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Adlai Stevenson argued that the United States could not "go it alone" in the world.

 
Isolationists opposed U.S. involvement in world affairs. Internationalists, on the other hand, thought the U.S. should remain active in international matters.

Throughout his career, Stevenson opposed those who wanted to close off America's involvement the world. The clash between isolationists and internationalists was never more apparent than during the time before America's entry into World War II. After the war's end, technology (such as jet airplanes, satellites, and nuclear weapons) made actual isolation impossible.

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Debate against Clay Judson


Excerpt: "I do not think there are any limits to Hitler's ambition short of world conquest, just as there were no limits to the ambitions of Napoleon, Caesar, and Alexander. I do not think a world that has obliterated time and space can exist half slave and half free. I do not think that tyranny in four-fifths of the world and freedom in one-fifth can endure...."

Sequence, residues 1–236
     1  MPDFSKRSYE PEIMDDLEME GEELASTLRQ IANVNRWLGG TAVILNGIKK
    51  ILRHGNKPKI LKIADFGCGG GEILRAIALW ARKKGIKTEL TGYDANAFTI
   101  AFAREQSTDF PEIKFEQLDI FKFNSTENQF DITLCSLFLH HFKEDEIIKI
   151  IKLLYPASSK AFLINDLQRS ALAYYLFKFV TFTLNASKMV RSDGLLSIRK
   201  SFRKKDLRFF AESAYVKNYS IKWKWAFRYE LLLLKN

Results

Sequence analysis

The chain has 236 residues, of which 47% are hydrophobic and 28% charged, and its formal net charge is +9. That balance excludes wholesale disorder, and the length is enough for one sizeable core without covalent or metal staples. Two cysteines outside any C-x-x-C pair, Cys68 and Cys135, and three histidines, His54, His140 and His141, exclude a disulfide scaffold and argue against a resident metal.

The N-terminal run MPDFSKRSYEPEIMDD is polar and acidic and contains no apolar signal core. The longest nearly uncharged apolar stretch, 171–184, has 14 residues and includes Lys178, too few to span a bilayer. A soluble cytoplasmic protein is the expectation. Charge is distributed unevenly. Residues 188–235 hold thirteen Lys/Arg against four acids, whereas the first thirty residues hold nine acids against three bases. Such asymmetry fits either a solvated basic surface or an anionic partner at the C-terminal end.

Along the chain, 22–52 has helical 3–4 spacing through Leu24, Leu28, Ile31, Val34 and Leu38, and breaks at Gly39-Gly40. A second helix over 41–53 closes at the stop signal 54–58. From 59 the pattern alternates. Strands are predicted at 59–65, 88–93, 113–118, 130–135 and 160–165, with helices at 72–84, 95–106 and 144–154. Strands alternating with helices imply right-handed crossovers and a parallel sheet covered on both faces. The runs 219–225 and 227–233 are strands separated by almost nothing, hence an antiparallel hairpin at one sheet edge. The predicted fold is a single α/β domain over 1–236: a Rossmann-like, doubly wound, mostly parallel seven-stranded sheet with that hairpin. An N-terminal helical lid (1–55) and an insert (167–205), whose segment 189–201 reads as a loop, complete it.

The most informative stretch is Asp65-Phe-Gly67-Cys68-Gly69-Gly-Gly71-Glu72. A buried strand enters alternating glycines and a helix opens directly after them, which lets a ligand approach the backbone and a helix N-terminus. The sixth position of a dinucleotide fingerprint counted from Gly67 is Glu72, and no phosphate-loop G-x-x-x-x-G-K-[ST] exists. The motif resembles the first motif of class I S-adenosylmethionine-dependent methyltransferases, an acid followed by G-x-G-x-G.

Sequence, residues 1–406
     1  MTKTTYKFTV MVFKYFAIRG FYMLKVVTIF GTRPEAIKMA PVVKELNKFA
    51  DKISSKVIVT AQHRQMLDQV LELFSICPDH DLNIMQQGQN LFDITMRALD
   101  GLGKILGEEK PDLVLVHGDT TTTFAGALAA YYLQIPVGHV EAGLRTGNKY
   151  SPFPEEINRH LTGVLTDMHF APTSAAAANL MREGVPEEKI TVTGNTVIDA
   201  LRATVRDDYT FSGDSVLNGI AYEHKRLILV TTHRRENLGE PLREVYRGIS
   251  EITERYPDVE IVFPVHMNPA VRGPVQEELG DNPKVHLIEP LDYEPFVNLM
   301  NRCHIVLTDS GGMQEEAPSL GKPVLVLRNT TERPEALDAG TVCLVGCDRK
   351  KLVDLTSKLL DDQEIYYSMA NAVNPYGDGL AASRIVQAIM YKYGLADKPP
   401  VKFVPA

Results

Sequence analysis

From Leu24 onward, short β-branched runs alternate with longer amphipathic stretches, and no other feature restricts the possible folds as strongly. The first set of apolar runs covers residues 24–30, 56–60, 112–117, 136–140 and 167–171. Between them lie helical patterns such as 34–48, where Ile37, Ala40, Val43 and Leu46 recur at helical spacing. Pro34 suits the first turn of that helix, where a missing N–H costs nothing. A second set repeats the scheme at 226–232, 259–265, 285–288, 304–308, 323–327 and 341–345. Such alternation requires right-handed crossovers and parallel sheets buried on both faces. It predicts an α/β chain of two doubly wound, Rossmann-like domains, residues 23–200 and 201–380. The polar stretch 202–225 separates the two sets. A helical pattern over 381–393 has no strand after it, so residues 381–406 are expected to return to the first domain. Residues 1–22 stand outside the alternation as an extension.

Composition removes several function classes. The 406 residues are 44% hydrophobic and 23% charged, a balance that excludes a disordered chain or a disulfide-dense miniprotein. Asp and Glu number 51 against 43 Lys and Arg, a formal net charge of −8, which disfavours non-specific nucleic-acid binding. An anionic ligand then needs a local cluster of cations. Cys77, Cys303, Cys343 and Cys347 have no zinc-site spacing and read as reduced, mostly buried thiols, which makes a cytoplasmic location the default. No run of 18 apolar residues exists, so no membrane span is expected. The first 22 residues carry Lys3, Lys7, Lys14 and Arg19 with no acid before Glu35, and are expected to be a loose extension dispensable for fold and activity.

(October 14, 1940)


Background: In 1940, most Americans felt an emotional connection to the English people and their struggle against Nazi tyranny. Even so, many Americans didn't want to become involved in another worldwide conflict. World War I had ended in 1918, just 22 years earlier. The leading influential voice for isolationism was the America First Committee (AFC). This group believed that foreign entanglements would only weaken the United States. Opposing the isolationists were the members of the Committee to Defend America by Aiding the Allies (CDAAA). This group believed it was the moral obligation of the U.S. to support Great Britain. Stevenson served as the head of the CDAAA chapter in Chicago.

On October 14, 1940, Stevenson debated Clay Judson, a well-known Chicago lawyer who was a prominent spokesperson for the America First Committee. "I think this is the most critical moment in our history," Stevenson said. "I think we are witnessing a death-struggle for control of the western world."


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